Agriculture currently faces a huge conundrum: pesticides kill the pests that would damage or destroy our crops, but these pesticides are killing the very pollinators that make agriculture possible. Recently, it has been discovered that the widely used neonicotinoid pesticides cause bee population declines. After much debate, three of these pesticides are now banned in Europe and two will be phased out in Canada. The question of how to safely protect these crops against pests still remains. A new class of pesticides based on sulfoximine is being suggested as an alternative. However, a new study published in the journal Nature has just reported that these pesticides could be just as harmful as the ones that they are replacing.

Bee reproduction affected

Bumblebees were exposed to low doses of the new pesticide in the lab (similar to what they would be exposed to in an agricultural field) and transferred to a field. Their reproductive output was severely compromised: fewer workers and only half as many reproductive male bumblebees were produced. This is a drastic impact and would affect wild bumblebee population immediately if put into widespread use.

Besides being useful at pollinating, bumblebees are pretty darn cute. Image credits: Pixabay.

“This study shows an unacceptable scale of impact on bumblebee reproductive success, after realistic levels of exposure to sulfoxaflor,” commented Lynn Dicks, a Natural Environmental Research Council Fellow at the University of East Anglia.

Bigger picture

From the results of this experiment, the new sulfoximine-based pesticide is not a viable alternative for currently used pesticides. The study also highlights the importance of conducting these sorts of studies before approving a pesticide for widespread use. Indeed, two sulfoxaflor-based pesticides were already approved by the US Environmental Protection Agency in 2013; many other countries have also registered this pesticide for use. Hopefully this study will convince the prohibition of this pesticide as well; after all, using a pesticide that harms bees is self-sabotage in the long run.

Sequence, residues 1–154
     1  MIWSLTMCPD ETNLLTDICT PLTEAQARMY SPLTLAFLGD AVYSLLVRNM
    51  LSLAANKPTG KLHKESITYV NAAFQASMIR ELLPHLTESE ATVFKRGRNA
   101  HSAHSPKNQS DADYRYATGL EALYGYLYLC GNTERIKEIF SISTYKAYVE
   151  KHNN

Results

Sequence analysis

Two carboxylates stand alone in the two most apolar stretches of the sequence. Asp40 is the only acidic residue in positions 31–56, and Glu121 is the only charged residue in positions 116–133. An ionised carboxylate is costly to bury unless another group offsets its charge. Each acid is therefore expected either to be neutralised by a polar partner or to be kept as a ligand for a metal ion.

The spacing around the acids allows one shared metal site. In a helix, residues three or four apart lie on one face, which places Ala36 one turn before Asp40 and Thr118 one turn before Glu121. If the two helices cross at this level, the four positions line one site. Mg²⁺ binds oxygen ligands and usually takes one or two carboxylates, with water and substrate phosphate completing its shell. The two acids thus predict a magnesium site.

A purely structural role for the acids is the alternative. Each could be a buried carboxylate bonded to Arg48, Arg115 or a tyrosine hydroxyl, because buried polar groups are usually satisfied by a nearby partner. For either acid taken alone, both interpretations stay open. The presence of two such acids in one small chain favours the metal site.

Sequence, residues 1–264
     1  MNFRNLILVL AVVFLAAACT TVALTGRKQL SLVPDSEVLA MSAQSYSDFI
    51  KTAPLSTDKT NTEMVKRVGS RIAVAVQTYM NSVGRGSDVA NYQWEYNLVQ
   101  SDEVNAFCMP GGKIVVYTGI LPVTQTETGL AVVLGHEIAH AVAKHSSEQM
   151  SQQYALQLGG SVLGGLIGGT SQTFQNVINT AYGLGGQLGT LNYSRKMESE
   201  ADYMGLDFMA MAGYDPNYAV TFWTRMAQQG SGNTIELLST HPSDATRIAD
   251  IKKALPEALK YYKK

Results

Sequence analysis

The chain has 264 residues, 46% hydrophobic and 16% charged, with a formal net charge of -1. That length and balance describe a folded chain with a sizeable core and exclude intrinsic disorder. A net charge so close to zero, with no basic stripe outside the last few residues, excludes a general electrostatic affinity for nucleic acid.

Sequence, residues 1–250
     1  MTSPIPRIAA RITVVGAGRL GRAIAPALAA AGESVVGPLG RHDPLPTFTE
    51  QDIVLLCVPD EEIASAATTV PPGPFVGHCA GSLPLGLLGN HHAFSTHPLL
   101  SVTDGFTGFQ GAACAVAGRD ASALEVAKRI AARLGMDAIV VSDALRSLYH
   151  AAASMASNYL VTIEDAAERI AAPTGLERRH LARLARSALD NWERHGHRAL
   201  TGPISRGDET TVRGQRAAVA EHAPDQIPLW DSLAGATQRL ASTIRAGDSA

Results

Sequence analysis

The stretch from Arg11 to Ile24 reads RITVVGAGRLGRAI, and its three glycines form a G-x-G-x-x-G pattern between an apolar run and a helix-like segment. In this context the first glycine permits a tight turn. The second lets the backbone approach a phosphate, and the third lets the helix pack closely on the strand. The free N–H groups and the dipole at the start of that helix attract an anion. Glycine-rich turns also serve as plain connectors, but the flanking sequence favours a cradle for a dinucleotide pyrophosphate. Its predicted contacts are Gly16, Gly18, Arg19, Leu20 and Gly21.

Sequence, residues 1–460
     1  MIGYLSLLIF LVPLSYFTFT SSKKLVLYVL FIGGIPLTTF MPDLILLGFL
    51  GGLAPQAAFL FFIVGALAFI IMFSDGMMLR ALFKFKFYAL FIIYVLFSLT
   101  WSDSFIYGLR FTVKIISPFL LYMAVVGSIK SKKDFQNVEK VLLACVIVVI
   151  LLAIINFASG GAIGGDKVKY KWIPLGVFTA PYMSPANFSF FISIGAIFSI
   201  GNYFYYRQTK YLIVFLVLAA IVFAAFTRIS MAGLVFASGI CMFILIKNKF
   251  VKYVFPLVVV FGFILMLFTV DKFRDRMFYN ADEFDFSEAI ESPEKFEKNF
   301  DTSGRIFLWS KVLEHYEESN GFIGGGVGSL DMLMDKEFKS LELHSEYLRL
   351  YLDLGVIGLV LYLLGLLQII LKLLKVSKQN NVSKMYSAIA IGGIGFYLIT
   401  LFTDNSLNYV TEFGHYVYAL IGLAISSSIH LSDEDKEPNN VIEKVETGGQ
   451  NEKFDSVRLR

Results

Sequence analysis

RELATED  Battery innovations might make electric cars cost-effective as early as 2022

It is a tricky situation and there aren’t any magic solutions at the moment. Most arthropods have such conserved systems that it is difficult to selectively target only a group of them. If a pesticide is harmful to a pesky group of arthropods, it is usually also harmful to other useful ones, such as pollinators and stream invertebrates. Other pollinator-friendly alternatives to protect crops need to be explored immediately.

Journal reference: Harry Siviter et al. Sulfoxaflor exposure reduces bumblebee reproductive success, Nature (2018). DOI: 10.1038/s41586-018-0430-6

 

Enjoyed this article? Join 40,000+ subscribers to the ZME Science newsletter. Subscribe now!

Estimate my solar savings!